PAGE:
The best drinking advice ever given comes from Roger Sterling. When out on a business dinner, “you order a scotch rocks and water. You drink half of it until it turns see-through. You get another.” The point that Mad Men’s rake (compare his suits and three-point fold to Don’s, and Roger wins every time) was making is that a real gentleman is always in control.
Besides by not becoming a dipsomaniac, a gentleman can ensure that he is not faking his way through life by asking informative questions of those more knowledgeable than him. After all, as discussed in an earlier post, a true bon vivant soaks up the knowledge from the world around him in order to better appreciate it. It is only by asking questions of those with the answers that you can soak up their information. And the more questions you ask, the more knowledgeable you become. It is for this reason that I love to discuss tailoring with well-healed haberdashers in order to learn about surgeon cuffs, fused vs. fully canvassed jacket construct, and what thread count really means. I interrogate chefs to learn about braising, searing, sauces, and semifreddo. I question menus that are foreign to me with waiters so that I can learn the differences between shabu shabu and pho. I never miss the chance to discuss ‘cue with a pit master and learn the proper slow and low heat for a dry rub as opposed to a wet glaze. And, of course, I seek out opportunities to depose the masters of the bar in order to learn new recipes, ingredients, and labels. It is only by asking these questions that I gain the knowledge necessary to carry on conversations (as well as know how to act) in almost any social setting.
Indeed, it is the ignorant man who thinks that asking a question will make him seem the fool. I was recently told the following true story (by the man’s father no less) that illustrates this Chinese proverb. A bright law student was called back to interview with a "white shoe" law firm for a possible summer associate position. After a few hours of interviews, one of the senior partners took the student to lunch. The partner ordered a cocktail. Perceiving that ordering a drink at lunch must be part of the firm culture and wanting to fit in, the student ordered a gin and tonic. When the partner got to the bottom of his glass, he ordered another round, and the student followed suit with a second gin and tonic. As the lunch went on, the partner ordered a third, as did the student. By the end of the lunch, the student was visibly inebriated and slurring his words (not the best idea on a call-back interview). The partner, however, was completely fine, not even the slightest hint of tipsiness. The next day, while nursing a slight hangover, the law student wanted to see what exactly was in the partner’s cocktail. Imagine his surprise when he realized what was in an Arnold Palmer. [Note: the student did not get the job.]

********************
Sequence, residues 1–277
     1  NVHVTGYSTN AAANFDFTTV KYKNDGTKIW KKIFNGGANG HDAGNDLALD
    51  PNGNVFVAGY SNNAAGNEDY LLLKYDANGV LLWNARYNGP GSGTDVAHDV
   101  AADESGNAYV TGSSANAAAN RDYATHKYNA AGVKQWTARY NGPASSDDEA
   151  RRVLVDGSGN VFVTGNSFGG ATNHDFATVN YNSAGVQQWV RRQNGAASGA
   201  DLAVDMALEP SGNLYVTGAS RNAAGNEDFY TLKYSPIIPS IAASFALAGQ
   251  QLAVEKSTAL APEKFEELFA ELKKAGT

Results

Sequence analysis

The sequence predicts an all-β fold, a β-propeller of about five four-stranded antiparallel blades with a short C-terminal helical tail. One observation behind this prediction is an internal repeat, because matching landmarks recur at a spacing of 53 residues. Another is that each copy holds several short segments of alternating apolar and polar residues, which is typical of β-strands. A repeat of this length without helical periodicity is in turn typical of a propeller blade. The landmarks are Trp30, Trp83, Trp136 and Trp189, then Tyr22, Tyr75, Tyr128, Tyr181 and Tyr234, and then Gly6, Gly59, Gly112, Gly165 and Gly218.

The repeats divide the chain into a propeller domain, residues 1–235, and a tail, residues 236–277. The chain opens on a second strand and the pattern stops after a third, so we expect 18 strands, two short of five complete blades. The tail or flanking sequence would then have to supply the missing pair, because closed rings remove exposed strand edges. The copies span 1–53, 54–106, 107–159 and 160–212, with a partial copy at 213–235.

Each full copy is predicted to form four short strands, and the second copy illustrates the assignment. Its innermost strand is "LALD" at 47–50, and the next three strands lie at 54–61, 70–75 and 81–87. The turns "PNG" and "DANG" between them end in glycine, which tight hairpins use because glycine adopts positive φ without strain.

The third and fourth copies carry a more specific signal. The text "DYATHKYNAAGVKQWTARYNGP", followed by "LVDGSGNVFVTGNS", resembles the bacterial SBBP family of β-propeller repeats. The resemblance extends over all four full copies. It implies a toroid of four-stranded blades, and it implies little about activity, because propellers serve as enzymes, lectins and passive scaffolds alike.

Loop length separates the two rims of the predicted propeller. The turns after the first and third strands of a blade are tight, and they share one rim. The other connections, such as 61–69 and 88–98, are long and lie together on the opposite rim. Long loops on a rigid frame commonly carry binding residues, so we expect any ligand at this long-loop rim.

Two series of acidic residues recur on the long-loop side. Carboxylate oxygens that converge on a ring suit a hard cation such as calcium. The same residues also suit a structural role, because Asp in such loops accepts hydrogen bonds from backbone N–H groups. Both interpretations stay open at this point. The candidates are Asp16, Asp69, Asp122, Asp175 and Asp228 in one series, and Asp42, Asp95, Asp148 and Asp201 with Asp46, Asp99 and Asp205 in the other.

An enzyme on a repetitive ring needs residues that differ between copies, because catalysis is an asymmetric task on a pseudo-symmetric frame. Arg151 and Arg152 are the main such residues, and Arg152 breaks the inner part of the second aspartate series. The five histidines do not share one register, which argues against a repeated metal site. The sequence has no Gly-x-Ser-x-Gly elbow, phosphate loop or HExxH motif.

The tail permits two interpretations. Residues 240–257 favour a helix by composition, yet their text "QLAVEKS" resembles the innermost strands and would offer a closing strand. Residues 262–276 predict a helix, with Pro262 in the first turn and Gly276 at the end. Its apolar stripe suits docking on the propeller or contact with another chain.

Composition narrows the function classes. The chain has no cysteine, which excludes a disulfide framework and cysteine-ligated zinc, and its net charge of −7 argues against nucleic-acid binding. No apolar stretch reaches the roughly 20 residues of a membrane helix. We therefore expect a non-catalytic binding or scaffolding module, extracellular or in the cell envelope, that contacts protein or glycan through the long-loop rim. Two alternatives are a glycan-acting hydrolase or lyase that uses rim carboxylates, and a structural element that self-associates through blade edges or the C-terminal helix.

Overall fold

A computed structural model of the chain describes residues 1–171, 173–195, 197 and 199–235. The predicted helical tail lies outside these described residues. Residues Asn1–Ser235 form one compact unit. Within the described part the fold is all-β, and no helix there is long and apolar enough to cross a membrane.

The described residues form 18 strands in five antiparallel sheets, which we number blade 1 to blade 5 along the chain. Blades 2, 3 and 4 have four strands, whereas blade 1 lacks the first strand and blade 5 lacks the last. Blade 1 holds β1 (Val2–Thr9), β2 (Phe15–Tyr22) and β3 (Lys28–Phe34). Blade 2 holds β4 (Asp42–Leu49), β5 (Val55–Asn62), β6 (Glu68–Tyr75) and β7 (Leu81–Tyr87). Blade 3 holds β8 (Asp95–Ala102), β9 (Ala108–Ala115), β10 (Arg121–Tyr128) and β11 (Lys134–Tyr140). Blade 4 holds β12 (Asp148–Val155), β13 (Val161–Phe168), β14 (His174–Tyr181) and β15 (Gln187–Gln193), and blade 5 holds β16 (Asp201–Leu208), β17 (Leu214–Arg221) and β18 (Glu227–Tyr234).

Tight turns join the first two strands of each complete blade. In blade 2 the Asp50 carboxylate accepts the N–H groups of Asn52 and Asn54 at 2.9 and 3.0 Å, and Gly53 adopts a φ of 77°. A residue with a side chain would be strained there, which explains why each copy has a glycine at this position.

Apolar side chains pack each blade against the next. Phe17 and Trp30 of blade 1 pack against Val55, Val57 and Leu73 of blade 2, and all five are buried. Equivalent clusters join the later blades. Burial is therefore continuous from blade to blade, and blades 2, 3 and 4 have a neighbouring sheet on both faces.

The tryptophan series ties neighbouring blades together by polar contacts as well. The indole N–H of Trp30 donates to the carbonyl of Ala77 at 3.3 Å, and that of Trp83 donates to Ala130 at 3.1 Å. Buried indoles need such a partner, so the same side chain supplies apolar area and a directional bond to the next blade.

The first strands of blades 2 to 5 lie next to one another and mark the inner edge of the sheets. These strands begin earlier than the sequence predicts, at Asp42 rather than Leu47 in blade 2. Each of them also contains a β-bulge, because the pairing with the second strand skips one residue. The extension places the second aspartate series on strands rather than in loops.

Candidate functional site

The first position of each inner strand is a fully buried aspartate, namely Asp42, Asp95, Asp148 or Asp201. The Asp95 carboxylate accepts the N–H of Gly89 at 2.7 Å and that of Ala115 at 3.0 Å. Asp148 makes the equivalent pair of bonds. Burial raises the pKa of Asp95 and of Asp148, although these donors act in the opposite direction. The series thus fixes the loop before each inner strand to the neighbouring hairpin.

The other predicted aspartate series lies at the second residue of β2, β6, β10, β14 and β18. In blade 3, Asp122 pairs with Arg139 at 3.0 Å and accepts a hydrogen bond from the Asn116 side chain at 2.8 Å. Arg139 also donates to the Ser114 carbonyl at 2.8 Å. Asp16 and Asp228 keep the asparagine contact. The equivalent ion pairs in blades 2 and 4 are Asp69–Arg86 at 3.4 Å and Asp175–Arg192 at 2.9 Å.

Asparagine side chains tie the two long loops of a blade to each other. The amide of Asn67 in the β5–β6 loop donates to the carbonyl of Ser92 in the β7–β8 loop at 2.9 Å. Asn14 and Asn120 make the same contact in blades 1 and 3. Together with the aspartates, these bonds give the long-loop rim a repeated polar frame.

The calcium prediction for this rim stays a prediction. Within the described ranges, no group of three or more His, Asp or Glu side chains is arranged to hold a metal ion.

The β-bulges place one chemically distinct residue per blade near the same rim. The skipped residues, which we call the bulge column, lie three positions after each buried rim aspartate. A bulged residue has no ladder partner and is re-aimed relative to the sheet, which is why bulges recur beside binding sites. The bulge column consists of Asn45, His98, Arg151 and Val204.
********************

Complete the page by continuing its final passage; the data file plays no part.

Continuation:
1/3 cup iced tea
1/3 cup fresh lemonade
***stir and serve over ice
Had the student simply asked the partner what was in such a delicious sounding drink (and maybe even discussed The King’s greatest Master's victories) he would not only have learned about my father’s "go to drink," but he would have saved himself the trouble of continuing to hunt for a job and living down this story that will likely haunt him for the rest of his life. After all, he who asks a question is a fool for five minutes; he who does not ask a question remains a fool forever.
Happy Father’s Day.